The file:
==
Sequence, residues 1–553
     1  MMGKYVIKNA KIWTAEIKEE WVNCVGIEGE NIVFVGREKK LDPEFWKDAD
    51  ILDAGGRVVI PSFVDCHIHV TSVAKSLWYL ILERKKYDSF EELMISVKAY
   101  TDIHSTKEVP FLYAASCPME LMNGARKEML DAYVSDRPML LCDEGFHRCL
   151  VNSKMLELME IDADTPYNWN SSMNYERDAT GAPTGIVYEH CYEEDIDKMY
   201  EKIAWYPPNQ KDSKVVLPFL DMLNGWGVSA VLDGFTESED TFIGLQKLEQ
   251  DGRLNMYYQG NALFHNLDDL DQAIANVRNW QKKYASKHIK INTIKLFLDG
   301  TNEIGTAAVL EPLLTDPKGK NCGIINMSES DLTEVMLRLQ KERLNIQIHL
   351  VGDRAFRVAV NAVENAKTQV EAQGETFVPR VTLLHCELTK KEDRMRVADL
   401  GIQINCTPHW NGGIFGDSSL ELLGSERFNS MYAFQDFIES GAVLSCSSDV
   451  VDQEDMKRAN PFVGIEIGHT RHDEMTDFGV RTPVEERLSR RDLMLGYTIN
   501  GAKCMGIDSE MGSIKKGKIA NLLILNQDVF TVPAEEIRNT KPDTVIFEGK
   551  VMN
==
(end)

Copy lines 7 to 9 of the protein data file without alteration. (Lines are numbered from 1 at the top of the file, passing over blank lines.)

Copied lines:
   251  DGRLNMYYQG NALFHNLDDL DQAIANVRNW QKKYASKHIK INTIKLFLDG
   301  TNEIGTAAVL EPLLTDPKGK NCGIINMSES DLTEVMLRLQ KERLNIQIHL
   351  VGDRAFRVAV NAVENAKTQV EAQGETFVPR VTLLHCELTK KEDRMRVADL